Objective Cross-sectional studies suggest that the fatty acid (FA) composition of phospholipids in skeletal muscle cell membrane may modulate insulin sensitivity in humans. We examined the impact of a hypocaloric low-fat dietary intervention on membrane FA composition and insulin sensitivity. Design Muscle membrane FA profiles were determined in muscle (vastus lateralis) biopsies from 21 obese subjects before and after 6 months of dietary restriction. Diet instructions emphasized low intake of FA of marine origin by recommending lean fish and prohibiting fatty fish and fish oil supplements. Insulin resistance was estimated by the homeostasis model assessment (HOMA-IR). Results The mean weight loss was 5.1 kg (range -15.3 to +1.3 kg). BMI decreased from 36.5 to 34.9 kg/m(2) (P = 0.003). Saturated FA (SFA) decreased 11% (P = 0.0001). Polyunsaturated FA (PUFA)n-6 increased 4% (P = 0.003). Long-chain PUFAn-3 increased 51% (P = 0.0001), mainly due to a 75% increase (P <0.0001) in docosahexaenoic acid. Changes in HOMA-IR correlated significantly with changes in long-chain PUFAn-3 (R = -0.57, P <0.01), SFA (R = 0.58, P <0.01) and waist circumference (R = 0.46, P <0.05). A multivariate linear regression analysis that included changes in weight, fat mass, waist circumference, plasma lipids, PUFA, SFA and long-chain PUFAn-3 indicated that SFA and long-chain PUFAn-3 were independent predictors of HOMA-IR (R-2 = 0.33, P <0.01). Conclusions A hypocaloric low-fat dietary intervention programme increased incorporation of long-chain PUFAn-3 and reduced SFA in skeletal muscle membrane phospholipids of obese subjects, a setting that may impact on insulin action.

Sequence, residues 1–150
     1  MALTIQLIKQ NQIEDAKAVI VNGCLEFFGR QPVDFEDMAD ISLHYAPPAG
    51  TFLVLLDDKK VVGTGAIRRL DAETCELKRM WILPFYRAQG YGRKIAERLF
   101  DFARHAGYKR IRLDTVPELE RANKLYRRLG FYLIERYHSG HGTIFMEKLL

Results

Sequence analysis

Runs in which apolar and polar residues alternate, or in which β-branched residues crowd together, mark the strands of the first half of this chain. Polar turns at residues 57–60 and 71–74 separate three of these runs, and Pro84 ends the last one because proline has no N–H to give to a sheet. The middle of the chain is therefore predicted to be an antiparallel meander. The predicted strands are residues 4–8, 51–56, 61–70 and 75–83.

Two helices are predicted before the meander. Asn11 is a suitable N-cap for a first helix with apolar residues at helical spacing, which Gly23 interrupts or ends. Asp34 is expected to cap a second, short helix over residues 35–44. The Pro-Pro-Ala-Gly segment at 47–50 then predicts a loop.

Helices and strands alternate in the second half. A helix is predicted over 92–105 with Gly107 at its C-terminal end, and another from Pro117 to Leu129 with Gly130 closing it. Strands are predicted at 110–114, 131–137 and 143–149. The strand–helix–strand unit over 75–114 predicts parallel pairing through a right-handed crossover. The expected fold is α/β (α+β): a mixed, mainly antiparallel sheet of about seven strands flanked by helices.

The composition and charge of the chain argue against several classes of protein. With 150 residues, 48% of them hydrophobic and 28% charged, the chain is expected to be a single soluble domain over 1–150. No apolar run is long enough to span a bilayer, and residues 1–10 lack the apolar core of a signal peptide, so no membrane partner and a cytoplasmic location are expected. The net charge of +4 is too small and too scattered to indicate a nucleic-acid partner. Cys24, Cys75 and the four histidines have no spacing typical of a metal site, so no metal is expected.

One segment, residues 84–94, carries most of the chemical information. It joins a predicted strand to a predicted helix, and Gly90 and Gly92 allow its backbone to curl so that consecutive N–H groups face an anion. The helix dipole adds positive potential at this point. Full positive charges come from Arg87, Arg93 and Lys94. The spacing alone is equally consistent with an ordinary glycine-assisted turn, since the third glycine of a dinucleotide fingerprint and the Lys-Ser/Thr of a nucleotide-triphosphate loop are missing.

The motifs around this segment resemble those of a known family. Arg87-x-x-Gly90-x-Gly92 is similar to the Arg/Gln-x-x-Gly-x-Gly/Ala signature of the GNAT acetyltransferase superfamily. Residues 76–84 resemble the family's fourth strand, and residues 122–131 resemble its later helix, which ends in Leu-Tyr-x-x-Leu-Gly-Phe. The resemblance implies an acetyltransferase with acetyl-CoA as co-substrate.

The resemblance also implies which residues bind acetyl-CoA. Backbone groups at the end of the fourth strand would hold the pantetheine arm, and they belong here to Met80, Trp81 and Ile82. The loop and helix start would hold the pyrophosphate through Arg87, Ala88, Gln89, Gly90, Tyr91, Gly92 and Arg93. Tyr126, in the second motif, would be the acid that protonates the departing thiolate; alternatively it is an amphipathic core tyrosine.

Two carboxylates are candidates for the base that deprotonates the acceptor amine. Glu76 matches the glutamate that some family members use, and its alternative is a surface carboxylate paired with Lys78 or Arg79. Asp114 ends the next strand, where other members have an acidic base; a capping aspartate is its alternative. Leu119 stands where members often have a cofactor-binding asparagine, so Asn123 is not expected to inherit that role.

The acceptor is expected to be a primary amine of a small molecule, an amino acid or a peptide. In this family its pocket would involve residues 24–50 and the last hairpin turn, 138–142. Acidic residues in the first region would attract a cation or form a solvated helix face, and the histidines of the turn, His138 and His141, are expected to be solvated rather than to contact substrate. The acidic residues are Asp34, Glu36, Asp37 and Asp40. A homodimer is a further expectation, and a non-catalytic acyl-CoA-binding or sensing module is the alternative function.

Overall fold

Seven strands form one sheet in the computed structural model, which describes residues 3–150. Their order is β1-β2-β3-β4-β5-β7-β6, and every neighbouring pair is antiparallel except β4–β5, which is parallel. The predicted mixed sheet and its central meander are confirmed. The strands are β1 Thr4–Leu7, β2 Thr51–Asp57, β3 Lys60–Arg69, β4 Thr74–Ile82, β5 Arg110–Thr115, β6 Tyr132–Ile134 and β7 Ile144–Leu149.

|Publication status||Published - 2006|